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Apple CEO Timothy Cook testifies before the Senate Homeland Security and Governmental Affairs Committee's Investigations Subcommittee about the company's offshore profit shifting and tax avoidance in the Dirksen Senate Office Building on Capitol Hill May 21, 2013 in Washington, D.C.
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The Apple bulls of the world like to throw around this stat: The company has upwards of $230 billion cash on hand. It’s an impressive number, but it carries an important caveat: Most of it is sitting abroad. Apple can’t bring it home without paying approximately 40% in taxes, and CEO Tim Cook has long refused to do that.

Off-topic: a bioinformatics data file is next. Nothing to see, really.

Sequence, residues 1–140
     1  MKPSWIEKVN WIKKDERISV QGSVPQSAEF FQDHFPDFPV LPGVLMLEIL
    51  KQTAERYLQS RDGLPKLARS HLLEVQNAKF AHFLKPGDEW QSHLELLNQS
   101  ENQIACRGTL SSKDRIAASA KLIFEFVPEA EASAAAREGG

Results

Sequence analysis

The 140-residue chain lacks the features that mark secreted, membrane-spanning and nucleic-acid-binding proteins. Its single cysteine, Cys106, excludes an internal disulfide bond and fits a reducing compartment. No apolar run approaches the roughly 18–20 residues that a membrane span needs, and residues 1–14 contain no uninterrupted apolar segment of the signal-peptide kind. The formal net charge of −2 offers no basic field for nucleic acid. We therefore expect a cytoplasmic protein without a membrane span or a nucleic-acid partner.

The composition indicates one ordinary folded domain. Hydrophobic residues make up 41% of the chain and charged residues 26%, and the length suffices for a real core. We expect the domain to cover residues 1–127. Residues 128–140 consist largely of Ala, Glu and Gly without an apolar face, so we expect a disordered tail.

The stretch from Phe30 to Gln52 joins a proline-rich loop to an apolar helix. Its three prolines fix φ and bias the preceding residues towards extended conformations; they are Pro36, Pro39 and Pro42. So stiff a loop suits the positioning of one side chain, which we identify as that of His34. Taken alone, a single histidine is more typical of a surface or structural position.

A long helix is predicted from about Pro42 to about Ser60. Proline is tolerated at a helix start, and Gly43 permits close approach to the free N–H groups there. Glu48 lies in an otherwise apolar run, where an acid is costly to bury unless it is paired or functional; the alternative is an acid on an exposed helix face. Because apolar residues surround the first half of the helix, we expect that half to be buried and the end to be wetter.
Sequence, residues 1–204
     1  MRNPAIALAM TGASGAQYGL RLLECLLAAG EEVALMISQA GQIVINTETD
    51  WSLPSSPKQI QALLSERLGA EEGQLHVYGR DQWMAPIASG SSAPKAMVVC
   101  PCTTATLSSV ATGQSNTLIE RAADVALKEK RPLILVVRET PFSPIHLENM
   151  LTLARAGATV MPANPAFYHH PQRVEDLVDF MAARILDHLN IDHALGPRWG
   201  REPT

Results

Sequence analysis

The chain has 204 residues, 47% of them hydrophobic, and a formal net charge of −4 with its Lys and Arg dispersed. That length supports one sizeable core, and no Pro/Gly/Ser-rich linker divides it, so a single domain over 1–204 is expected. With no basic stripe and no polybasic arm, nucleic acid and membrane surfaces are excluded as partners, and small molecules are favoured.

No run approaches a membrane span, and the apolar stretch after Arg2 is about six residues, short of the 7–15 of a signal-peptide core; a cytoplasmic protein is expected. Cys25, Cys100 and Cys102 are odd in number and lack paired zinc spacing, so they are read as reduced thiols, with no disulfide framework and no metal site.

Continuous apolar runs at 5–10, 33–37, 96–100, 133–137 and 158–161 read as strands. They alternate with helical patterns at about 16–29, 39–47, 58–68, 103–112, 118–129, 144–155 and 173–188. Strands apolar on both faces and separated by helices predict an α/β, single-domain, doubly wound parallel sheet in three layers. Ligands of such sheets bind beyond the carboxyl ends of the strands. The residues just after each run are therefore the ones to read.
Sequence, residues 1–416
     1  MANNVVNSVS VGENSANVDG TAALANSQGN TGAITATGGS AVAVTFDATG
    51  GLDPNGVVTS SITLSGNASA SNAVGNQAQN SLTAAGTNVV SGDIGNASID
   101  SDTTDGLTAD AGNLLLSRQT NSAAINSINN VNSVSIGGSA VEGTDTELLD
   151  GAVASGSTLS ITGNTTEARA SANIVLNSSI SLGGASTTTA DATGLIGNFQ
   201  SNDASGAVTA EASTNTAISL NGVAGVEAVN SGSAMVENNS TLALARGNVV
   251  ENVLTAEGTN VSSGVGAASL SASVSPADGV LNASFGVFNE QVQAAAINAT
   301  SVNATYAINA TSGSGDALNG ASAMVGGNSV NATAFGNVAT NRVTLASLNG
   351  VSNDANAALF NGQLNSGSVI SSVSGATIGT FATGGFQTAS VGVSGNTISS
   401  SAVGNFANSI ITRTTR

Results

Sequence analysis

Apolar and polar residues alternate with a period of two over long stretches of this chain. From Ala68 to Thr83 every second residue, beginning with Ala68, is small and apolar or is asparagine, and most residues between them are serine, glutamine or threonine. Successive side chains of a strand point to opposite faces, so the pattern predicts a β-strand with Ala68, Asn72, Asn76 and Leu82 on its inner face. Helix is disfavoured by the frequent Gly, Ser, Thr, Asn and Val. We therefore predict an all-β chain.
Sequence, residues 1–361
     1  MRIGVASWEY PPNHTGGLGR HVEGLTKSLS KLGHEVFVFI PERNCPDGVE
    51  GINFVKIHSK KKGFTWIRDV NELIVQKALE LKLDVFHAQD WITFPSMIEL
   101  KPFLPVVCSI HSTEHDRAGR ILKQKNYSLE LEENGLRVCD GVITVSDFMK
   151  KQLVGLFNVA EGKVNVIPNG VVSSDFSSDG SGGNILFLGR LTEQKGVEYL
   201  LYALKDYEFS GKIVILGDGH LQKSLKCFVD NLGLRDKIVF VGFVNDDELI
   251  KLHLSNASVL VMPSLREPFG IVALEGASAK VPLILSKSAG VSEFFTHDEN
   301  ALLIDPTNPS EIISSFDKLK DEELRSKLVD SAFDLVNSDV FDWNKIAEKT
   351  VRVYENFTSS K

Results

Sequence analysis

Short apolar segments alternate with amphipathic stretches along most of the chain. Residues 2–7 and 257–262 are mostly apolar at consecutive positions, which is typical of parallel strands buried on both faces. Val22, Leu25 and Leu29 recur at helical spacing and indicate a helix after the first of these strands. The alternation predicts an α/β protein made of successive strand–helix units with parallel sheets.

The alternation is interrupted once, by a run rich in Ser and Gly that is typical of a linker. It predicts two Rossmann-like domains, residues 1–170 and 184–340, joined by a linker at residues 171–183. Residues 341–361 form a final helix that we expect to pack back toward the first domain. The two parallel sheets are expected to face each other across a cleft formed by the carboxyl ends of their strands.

What Apple is doing is perfectly legal, as far as the U.S. tax code is concerned. Still, that the world’s largest company by market capitalization is parking overseas a sum roughly equivalent to the GDP of Finland has invited plenty of controversy. Some critics say that Apple has a duty to bring the money home and pay up, given that most of its critical research and development work happens in the U.S. (Apple is separately facing a European investigation into its tax practices.)

Now, in a new interview with The Washington Post’s Jena McGregor, Cook offers his most detailed explanation and defense of Apple’s tax practices yet. He’s also betting, perhaps optimistically, that we’ll see a reform of the U.S. tax code next year regardless of which candidate wins November’s presidential elections.

Below is the relevant section. The rest of McGregor’s interview is wide-ranging and well worth your time; you can read it here.

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